Nydam mose – weapons

Dr. Andreas Rau

Excavations 1989–1999

Zusammengehörende Teile eines Schwertgriffes des 4. Jahrhunderts, geborgen 1864 und 1994
Parts of the same hilt dating from the 4th century AD, recovered in 1864 and 1994.

The site of Nydam, in Southern Denmark, ranks among the salient localities for Central and Northern European research into the Early Historic period, not least because of the surviving Nydam boats. During the period AD 250-480, and within the framework of sacrificial activities, large quantities of military equipment were deposited here which can be interpreted as the spoils of war, i.e. war booty, gained during the course of military conflicts between different socio-political units.

Towards the end of the 20th century, excavation campaigns at the site by the Danish National Museum documented numerous cultural-historically very important objects and finds dating from the Late Roman Iron Age and Migration period.
By virtue of the large number of offerings (at least six but probably as many as seven or eight separate deposition events), together with the diversity of the equipment represented in the finds assemblages, the finds material from Nydam provides essential access to the history of events and lines of cultural-historical development in the northern part of Barbaricum during the Late Roman Iron Age and Migration period.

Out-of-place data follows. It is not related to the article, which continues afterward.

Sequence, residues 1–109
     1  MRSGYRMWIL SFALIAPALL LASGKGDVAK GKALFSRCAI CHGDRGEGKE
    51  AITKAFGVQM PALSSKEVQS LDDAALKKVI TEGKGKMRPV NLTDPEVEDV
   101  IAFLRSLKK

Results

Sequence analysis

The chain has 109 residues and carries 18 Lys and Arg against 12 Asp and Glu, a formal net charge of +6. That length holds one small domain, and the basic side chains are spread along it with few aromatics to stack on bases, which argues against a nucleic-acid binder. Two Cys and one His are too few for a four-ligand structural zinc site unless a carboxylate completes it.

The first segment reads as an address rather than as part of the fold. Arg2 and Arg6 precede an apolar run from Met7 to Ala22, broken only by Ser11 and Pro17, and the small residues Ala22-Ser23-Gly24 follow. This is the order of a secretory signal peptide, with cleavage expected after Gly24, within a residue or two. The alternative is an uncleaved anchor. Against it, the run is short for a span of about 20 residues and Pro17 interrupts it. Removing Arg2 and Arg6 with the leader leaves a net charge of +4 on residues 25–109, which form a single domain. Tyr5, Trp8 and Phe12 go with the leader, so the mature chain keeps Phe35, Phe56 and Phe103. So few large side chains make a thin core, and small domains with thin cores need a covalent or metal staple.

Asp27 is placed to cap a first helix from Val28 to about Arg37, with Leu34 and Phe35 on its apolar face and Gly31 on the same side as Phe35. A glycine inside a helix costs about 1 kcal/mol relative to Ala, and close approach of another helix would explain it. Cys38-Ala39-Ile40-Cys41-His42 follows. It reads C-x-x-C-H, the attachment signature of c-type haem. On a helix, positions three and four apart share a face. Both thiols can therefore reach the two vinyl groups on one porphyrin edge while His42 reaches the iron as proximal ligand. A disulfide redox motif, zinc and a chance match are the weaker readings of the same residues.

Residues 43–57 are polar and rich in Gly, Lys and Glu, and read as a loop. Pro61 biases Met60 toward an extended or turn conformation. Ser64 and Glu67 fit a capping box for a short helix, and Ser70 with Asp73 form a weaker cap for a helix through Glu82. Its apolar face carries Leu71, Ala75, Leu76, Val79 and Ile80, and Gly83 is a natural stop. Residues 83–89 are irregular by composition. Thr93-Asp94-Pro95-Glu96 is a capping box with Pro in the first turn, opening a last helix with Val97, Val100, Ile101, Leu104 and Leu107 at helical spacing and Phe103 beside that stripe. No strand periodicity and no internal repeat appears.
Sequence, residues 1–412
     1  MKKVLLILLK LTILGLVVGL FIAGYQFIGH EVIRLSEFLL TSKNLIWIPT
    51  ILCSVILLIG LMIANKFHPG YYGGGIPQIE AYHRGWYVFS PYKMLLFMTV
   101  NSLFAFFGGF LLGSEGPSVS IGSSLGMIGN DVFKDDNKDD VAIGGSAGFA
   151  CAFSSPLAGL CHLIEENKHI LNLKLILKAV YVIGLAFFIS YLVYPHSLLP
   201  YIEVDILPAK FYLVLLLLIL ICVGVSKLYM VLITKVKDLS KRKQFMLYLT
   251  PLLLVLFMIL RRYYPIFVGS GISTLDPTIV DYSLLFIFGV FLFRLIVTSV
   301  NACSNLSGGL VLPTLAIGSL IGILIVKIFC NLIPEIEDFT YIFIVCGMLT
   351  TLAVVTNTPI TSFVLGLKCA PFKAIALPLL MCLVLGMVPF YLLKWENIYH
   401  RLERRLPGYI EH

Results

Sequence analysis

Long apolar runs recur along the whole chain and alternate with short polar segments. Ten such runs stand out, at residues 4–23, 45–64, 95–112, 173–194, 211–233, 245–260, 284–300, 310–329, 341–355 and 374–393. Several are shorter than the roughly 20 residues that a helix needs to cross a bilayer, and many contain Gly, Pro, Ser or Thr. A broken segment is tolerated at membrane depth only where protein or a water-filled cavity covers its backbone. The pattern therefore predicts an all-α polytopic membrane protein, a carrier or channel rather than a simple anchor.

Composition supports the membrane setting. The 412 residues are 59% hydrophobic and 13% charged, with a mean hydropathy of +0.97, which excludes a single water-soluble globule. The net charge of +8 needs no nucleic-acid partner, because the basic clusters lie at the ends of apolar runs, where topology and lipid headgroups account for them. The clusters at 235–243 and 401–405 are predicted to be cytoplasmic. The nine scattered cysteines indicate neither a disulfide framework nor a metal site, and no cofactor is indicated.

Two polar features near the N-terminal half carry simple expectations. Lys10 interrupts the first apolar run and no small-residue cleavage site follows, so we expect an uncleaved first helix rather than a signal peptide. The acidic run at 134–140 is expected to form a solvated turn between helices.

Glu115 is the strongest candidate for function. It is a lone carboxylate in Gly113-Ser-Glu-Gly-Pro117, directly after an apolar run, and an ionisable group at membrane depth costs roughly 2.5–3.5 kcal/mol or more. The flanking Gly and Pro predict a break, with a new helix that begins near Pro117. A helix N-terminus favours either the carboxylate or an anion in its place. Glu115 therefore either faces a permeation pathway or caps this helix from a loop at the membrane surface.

Nydam bog – weapons

Naturgemäß nehmen die Waffenbestandteile in einem Opferplatz mit Heeresausrüstungen einen ganz wesentlichen Platz ein.

The new excavations in Nydam yielded c. 150 sword blades, c. 500 lance and spear points, around 30 complete or fragmented wooden scabbards and c. 60 shields , all of which can be almost completely reconstructed. Some of the weapons will be presented as a catalogue and will commented upon with in detail within the framework of the project.

Research clusters

Man and Artefact

Research Priorities

Sacrifice of military equipment


Dr. Andreas Rau

In cooperation with

Dänisches Nationalmuseum
Projekt „Jernalderen i Nordeuropa – 400 f.Kr.600 e.Kr.“